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"The Hope of Public Philosophy" by Yarran Hominh (Keywords: Knowledge; Action; Depression; Praxis)


White house on hill

From The Philosopher, vol. 111, no. 2 ("Where is Public Philosophy Going?").

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We live in times of hopelessness. The social systems that we have built and in which we live are failing us. They condemn us to lives, at best, of meaningless labour – at worst, of suffering and domination at the hands of others. We are simultaneously destroying the earth systems on which these human social systems rely and with which they are entangled. Human life and more-than-human life are in tandem being laid to waste.


It is not only that we are burning the world and denuding human existence. The real cause of hopelessness is in the fact that the possibilities for change are slim. The same global social systems of capitalism, patriarchy, racism and extractive neocolonialism that are the source of these depredations lock in the direction we are heading. They foster in us human tendencies that make it difficult for us to see the problem, let alone respond properly to it: a self-interested love of self that blinds us to what we wreak, a close-mindedness to alternative possibilities, an addictive dependence on the “value” that we extract from the earth, a disregard for others and for ourselves, a need to dominate and feel superior to others. These ways of relating to ourselves and the world render us almost powerless to resist those forces that careen us toward destruction.


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Hopelessness has both subjective and objective aspects. Philosophy has traditionally addressed the former, but it might also be able to address the latter. Subjectively, hopelessness appears as a shrinking of possibilities, as a loss of our capacity to imagine what it might be to live well into the future. What we do ceases to have meaning for us, for what meaning can the present have where there is no liveable future?


This sense of the closing of horizons might already be a familiar feeling. But if you need a comparison, think of the loss of meaning and of possibility that often forms part of the experience of profound grief or severe depression. One who has lost a partner with whom one has built a life may feel as if activities and places that were once meaningful, because done or experienced with that partner, are now meaningless or even actively to be dreaded. “We” once walked these paths, listened to these songs, ate together at this table. Now, there is no “we”. It becomes inconceivable to take that walk; that once-moving melody is but flat notes on a page; food is now just ashes in my mouth.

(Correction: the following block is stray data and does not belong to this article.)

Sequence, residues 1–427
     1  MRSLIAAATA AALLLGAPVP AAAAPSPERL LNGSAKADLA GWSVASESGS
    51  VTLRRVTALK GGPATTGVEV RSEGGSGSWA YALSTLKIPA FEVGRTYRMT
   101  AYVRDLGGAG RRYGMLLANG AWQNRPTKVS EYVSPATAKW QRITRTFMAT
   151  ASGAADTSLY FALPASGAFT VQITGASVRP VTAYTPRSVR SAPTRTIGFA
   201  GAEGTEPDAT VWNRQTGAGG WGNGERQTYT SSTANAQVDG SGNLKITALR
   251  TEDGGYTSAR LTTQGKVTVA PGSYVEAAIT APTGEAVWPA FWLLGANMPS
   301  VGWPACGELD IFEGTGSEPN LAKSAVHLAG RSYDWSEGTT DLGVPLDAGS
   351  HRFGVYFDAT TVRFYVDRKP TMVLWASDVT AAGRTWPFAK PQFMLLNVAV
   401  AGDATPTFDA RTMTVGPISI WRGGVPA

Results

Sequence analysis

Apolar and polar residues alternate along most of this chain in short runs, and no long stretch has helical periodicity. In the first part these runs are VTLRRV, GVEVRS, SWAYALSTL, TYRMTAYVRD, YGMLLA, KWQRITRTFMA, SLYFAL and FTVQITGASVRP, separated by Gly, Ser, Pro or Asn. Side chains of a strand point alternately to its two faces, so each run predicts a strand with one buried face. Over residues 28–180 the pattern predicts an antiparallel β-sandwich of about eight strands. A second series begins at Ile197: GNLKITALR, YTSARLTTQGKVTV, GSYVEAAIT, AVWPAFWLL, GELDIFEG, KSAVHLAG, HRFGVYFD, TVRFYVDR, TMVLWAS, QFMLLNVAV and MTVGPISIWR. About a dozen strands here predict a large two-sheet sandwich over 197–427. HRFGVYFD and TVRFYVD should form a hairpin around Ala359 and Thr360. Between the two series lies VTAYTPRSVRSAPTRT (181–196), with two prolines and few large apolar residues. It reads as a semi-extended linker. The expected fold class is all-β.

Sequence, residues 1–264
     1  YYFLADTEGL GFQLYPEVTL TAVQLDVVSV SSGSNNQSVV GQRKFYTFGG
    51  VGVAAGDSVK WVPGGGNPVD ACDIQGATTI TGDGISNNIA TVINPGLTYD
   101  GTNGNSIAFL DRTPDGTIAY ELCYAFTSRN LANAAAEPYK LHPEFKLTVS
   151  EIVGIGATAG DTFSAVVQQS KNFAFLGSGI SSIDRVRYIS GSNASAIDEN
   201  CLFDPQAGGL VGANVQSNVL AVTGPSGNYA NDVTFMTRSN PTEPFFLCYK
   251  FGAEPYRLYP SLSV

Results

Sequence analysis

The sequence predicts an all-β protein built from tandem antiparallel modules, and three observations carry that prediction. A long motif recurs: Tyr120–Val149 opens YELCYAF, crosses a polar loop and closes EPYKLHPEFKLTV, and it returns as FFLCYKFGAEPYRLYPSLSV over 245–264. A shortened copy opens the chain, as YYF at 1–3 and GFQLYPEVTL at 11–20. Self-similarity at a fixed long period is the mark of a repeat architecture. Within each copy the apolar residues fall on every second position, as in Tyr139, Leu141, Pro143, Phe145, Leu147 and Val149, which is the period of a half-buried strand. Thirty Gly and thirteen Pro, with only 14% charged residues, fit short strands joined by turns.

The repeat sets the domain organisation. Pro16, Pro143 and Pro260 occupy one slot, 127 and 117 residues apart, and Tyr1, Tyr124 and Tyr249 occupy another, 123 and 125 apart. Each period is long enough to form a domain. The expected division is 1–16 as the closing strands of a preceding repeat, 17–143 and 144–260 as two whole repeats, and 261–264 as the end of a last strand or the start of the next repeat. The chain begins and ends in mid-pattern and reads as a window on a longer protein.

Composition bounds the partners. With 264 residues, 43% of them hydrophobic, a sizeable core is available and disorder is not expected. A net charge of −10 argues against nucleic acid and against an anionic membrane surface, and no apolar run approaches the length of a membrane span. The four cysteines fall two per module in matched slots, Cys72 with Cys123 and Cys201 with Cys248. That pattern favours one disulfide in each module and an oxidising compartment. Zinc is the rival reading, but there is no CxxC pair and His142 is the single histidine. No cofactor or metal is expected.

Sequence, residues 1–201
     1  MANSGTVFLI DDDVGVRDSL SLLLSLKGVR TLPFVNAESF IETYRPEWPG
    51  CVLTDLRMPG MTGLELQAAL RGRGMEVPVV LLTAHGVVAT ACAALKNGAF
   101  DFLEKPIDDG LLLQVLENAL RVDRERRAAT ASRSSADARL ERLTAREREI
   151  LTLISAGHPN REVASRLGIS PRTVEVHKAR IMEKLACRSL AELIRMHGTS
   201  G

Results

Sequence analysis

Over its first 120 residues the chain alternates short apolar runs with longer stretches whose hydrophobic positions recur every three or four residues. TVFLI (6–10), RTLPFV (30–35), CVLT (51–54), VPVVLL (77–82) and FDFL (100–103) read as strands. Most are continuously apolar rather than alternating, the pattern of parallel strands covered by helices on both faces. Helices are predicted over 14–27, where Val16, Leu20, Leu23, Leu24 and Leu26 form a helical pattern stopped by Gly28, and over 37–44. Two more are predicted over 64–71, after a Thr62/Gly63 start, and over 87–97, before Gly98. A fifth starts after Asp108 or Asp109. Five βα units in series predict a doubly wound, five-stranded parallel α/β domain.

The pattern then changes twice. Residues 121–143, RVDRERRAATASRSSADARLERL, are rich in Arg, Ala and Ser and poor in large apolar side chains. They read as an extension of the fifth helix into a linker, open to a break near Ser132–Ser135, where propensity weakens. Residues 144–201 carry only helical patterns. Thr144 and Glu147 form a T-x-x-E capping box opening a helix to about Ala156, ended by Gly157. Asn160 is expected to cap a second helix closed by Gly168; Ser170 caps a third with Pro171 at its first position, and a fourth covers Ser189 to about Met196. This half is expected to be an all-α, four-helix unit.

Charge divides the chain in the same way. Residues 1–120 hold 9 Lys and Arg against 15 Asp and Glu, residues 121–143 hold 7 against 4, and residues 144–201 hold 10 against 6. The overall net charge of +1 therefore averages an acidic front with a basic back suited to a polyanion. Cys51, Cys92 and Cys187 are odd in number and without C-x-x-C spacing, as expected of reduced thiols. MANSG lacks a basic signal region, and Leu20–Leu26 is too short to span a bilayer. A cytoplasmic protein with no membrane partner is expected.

People suffering from severe depression report an inability to imagine what the future holds, and an inability to connect the present with that future. One sufferer, the psychologist David Karp reports in Speaking of Sadness, says the following: “You look at the world, the array of things that you could do, and they’re completely meaningless to you. They’re as meaningless to you as if you were an earthworm.” The experience of severe depression carries with it the kind of hopelessness that comes from a lack of an imaginable future.


To live in hopeless times is not only subjectively to feel hopeless. It is for that feeling in a real way to reflect the way things are.

The generalised condition of hopelessness we face is not just a subjective feeling. It is grounded in the objective conditions that I sketched earlier. The systems that we have created and in which we are embroiled pose an existential threat to human life and the ecological systems that support it. And these systems make it all but impossible to address those threats. We have created a machine that is seemingly outside our capacities to constrain or to change. Not only is there no acceptable future; there is, it seems, no way to change that fact. The powerlessness we feel is thus quite real. To live in hopeless times is thus not only subjectively to feel hopeless. It is for that feeling in a real way to reflect the way things are. The social systems we have created and that are threatening the possibility of human life outrun us. We appear incapable of transforming, for the better, what we have already built.